The discussion today, as it was in the 1960s and thereafter, is fraught with difficulties that arise from the use of apparently straightforward formulations in the context of very complex phenomena. Held proposed that self-generated movements are necessary for achieving sensory adaptation, for perceptual learning and, in general terms, for perceiving in a stable manner. To this we have seen a range of responses that go from the flat denial that self-generated movements (or movement at all) play a role in perceptual learning, to James Gibson’s interpretation that they may facilitate attention but are not really necessary, to Eleanor Gibson and colleagues suggesting they are indeed necessary as part of a mutual developmental influence between action and perception, and to the enactive view, for which an agent’s activity is not only necessary but is itself an inseparable part of the processes of perceptual learning. We have interpreted these different views in terms of contextual, enabling, and constitutive relations. Table 1 summarizes the possible positions on the causal status of self-generated movements in perceptual learning.
Table 1. Summary of the different responses to Held’s proposal concerning the causal status of self-generated movements (SGM) for sensory adaptation and perceptual learning.
We will not attempt to settle the debate here, in part because we must still critically examine the notions of activity and passivity that have been used above. As with other ideas in these discussions, this distinction is anything but simple.
Is There Ever a Purely Passive or Purely Active Condition?
Several attempts to replicate Held’s rearrangement studies were unsuccessful. There is an intrinsic difficulty in determining what counts as active and passive conditions in experimental situations. Simple operational definitions can be deceiving. It may be possible to restrict some body movements (e.g., locomotion, movements of the arm) but minor movements (e.g., head or eye movements) are more difficult to control. For instance, in the Held and Hein (1963) experiment all kittens could move their limbs, the difference was that for the passive group there was no correspondence between limb movement and displacement. Active processes that potentially influence perceptual learning can occur in situations of passivity. Indeed, several of Held’s studies show a marked individual variability in the passive condition. Although most of the passive subjects failed to adapt, some did so partially or even fully (e.g., see Held and Hein, 1958; Held and Bossom, 1961; Hein et al., 1970).
Even in cases where participants are completely immobile or are moved by an external force, it is very hard to account for what they are attending to. In the replication of the kittens study by Walk et al. (1988), animals in the passive condition that were watching the toy cars could not locomote but could freely move their head. The authors downplay the role of these movements and attribute spatial learning to the visual scene that captures the kittens’ attention. These movements, however, were very frequent and enabled kittens to discover “a world in depth” (Walk et al., 1988, p. 251). So, even if they could not perform active locomotion, these subtle exploratory actions elicited by the kittens’ interest in the experimental situation could have contributed to learning. It can be hard to determine whether it was one or the other, head and eye movements or visual attention, that gave rise to learning. It may even be a confounded effect between these factors as presumably attention would have faded quickly if the animals could not explore the scene with head and eye movements.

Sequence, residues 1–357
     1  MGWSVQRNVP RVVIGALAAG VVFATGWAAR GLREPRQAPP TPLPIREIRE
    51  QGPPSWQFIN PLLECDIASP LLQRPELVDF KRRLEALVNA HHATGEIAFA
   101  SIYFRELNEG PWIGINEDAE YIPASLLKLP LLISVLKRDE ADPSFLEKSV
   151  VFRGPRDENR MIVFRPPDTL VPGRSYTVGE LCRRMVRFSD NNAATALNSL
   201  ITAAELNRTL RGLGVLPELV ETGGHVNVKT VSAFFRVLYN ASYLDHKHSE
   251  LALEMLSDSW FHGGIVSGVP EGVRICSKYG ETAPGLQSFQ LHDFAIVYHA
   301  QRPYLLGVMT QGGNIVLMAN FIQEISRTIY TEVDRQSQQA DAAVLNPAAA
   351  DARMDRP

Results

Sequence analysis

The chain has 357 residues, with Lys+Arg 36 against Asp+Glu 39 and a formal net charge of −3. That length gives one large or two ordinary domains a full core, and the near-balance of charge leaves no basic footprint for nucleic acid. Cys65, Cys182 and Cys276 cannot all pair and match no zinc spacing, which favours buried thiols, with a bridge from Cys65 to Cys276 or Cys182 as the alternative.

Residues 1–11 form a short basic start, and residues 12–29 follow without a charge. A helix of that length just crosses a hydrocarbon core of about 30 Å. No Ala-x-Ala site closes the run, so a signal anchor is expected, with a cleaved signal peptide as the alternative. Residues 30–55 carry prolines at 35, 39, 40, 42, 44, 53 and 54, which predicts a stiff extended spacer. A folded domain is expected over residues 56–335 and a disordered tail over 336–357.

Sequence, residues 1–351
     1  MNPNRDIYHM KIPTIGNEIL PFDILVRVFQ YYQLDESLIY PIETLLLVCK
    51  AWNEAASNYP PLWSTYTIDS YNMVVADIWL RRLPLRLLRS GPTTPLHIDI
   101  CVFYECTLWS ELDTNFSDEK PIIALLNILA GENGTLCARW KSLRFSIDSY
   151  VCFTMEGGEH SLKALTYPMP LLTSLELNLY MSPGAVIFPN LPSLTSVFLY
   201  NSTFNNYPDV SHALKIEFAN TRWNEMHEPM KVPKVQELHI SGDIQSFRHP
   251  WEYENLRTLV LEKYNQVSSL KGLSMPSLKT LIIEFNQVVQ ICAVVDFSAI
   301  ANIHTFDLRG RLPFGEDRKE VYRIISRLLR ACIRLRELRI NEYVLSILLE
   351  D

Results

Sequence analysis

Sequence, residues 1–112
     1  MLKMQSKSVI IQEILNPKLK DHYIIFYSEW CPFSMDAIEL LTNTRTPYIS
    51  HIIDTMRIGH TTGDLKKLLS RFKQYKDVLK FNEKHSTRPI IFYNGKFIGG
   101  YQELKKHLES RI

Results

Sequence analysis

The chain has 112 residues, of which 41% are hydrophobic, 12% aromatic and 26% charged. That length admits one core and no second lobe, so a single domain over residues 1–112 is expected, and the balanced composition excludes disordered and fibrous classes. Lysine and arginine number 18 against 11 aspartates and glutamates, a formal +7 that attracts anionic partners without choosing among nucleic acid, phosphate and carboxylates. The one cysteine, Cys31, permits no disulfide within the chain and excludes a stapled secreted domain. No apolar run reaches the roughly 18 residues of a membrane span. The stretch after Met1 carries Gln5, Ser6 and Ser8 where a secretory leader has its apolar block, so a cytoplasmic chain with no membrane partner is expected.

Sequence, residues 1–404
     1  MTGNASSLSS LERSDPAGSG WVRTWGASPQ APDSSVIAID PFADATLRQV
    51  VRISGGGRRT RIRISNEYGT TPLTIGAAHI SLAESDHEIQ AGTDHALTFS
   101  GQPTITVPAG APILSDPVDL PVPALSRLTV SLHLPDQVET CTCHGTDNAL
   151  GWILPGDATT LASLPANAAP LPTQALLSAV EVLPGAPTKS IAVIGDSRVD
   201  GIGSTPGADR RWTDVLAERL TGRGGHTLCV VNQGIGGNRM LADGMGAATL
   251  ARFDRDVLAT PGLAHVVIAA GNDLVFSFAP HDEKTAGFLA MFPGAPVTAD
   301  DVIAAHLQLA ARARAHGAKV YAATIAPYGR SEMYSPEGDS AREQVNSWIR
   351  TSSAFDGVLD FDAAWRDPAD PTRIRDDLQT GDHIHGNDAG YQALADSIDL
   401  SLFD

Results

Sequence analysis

Similar ambiguities arise when defining what counts as an active condition. There can be important differences in the repertoires of actions that participants can perform, from very rich to extremely poor patterns, from attentive and energetic to distracted and lethargic attitudes. As with attention, it is not always easy to ascertain the level of motivation or fatigue with which participants actively perform a task.
An anecdote from an ongoing experiment by two of the authors serves as an example for the point in question. We have performed a study to compare the effect of active and passive exploration on a task where participants, blindfolded and seated, had to reach toward a sound source located in front of them at different distances (similar task as in Hüg et al., 2019). In the active condition, during a training session participants freely explored the arrangement until reaching and touching the sound source. In the passive condition their arm was moved with a sling by the experimenter until the hand made contact with the source. In the posttest the “active” group showed a more precise performance. The “passive” group showed great variability; some participants improved their performance, others did not and others exhibited strange response patterns. At the end of the experiment, passive participants reported very different experiences. For example, one said that she was practically asleep. Another commented that he was extremely attentive to how his arm was being moved. In general, we could not determine these differences from mere observation.